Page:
Intermodal shipping is a significant component of the 53' over-the-road trucking market in the United States. Let's break down the usage statistics based on the mileage of the shipping lanes:

  • 0-500 Miles: Intermodal shipping is less commonly used for short-haul routes. This range is primarily dominated by traditional trucking due to the flexibility and speed of point-to-point delivery. However, intermodal can still be utilized for regional movements, particularly when it's an alternative to congested urban areas.
  • 501-1000 Miles: For medium-haul routes, intermodal shipping becomes more competitive. Rail transport can cover significant portions of these distances efficiently, reducing the need for long truck hauls. This range sees a moderate uptake in intermodal usage, with companies balancing the cost savings and reliability of rail against the flexibility of trucking.
  • 1001-1500 Miles: Over long-haul routes, intermodal shipping shines. Rail networks can efficiently transport goods across these distances with substantial fuel savings and reduced emissions. Intermodal is extensively used in this range, offering a cost-effective and sustainable alternative to trucking.
  • 1501+ Miles: For very long-haul routes, intermodal shipping is highly advantageous. Rail transport can handle the bulk of the journey, significantly cutting down on emissions and costs. This range sees the highest adoption of intermodal shipping, as the benefits over long distances become increasingly pronounced.

Potential growth of intermodal shipping

Industry analysts and insiders believe that the intermodal market has significant growth potential. Currently, intermodal shipping accounts for a substantial portion of freight transport, but there is room for expansion. Experts suggest that with optimized usage and better integration into supply chains, the market size for intermodal shipping could potentially double.

According to the Intermodal Association of North America (IANA), intermodal currently handles about 25% of U.S. long-haul freight. If businesses fully leverage the benefits of intermodal, this share could increase to 50%, representing a massive growth opportunity. 

This expansion would not only enhance sustainability but also improve cost efficiency and reliability across the logistics industry.

Electrification of trucks

What is electric trucking?

Electric trucking involves using battery-powered electric vehicles (EVs) for transporting goods. These trucks produce zero tailpipe emissions, making them an attractive option for reducing greenhouse gases and other pollutants associated with diesel-powered trucks - of which there are many.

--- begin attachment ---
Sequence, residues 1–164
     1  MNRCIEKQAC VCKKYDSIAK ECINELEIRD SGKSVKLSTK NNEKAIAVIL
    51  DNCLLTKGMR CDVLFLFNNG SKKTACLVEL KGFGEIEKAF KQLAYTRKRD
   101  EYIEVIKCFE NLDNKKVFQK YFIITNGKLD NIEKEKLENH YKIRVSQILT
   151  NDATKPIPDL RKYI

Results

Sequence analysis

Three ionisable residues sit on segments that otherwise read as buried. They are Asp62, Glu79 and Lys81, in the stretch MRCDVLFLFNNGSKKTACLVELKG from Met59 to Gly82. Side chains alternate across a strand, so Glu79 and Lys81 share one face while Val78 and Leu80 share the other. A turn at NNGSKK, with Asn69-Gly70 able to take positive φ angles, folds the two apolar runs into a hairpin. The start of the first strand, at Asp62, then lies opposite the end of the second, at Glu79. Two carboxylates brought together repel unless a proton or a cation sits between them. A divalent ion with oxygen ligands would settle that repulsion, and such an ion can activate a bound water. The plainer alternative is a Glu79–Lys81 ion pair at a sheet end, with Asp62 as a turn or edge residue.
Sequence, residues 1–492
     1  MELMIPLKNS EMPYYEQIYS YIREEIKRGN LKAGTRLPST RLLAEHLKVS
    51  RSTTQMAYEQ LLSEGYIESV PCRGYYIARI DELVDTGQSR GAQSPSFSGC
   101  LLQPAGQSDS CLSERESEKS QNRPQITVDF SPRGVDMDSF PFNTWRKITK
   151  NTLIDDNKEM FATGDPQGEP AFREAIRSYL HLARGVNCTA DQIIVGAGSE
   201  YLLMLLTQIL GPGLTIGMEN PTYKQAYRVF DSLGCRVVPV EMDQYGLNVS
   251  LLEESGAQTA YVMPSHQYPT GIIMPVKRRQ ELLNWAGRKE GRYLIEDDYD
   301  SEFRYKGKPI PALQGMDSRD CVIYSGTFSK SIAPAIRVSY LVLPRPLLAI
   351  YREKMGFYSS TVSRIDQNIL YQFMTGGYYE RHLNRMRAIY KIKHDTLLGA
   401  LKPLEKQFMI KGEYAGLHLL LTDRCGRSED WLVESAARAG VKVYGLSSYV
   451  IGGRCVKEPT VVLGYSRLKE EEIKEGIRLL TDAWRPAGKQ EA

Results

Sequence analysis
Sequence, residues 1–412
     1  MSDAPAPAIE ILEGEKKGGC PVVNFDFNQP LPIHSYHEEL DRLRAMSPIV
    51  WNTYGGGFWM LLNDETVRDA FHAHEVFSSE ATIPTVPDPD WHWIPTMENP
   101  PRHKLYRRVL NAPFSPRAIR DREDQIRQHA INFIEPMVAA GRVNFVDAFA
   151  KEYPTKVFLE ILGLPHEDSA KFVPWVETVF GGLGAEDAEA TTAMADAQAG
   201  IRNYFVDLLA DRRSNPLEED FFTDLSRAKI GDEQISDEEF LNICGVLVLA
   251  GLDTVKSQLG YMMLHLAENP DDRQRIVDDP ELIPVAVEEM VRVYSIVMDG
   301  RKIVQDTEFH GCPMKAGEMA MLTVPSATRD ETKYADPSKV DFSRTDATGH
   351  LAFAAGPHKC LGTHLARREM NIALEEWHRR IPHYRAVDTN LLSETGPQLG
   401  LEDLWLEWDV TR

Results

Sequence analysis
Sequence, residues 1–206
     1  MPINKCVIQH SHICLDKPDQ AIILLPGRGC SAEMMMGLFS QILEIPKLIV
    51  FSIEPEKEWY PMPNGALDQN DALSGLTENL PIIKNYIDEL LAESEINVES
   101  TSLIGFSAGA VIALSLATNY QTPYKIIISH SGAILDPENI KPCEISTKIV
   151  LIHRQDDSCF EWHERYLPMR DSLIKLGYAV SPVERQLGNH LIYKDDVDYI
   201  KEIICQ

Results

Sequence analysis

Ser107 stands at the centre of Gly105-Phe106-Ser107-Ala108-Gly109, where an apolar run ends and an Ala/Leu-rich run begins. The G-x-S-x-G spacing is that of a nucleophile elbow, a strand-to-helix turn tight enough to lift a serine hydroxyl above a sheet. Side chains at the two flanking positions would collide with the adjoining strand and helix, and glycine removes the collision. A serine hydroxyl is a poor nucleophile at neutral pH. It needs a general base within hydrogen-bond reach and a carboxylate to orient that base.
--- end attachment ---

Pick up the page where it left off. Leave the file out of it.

Benefits of electric trucking

  • Zero tailpipe emissions: Electric trucks produce no tailpipe emissions, which means they don't emit CO2 or other harmful pollutants. This can significantly reduce the environmental impact of freight transport. According to the U.S. Environmental Protection Agency (EPA), medium- and heavy-duty trucks account for approximately 24% of greenhouse gas emissions from transportation. Switching to electric trucks could drastically reduce these emissions.
  • Lower operating costs: Although electric trucks have higher upfront costs, they can offer lower operating costs over time. Electric vehicles require less maintenance than diesel trucks, and electricity is generally cheaper than diesel fuel.
  • Quiet operation: Electric trucks are quieter than their diesel counterparts. This can be beneficial for urban deliveries where noise pollution is a concern.
  • Energy efficiency: Electric motors are more efficient than internal combustion engines. This efficiency translates to less energy use per mile traveled, contributing to overall sustainability goals.
  • Efficiency gains: Electric trucks can achieve 63% lower emissions compared to diesel trucks, especially when charged using renewable energy.

Technology and infrastructure needs

Significant investments in charging infrastructure and advancements in battery technology are essential to support widespread adoption. The development of fast-charging networks along major highways and the improvement of battery range are critical to making electric trucks a viable option for long-haul freight.

Policy support

Implementing supportive policies and incentives can accelerate the transition to electric freight vehicles. Governments can play a crucial role in promoting electric trucking by providing subsidies, tax incentives and funding for infrastructure development. These measures can help reduce the financial barriers and encourage more companies to adopt electric trucks.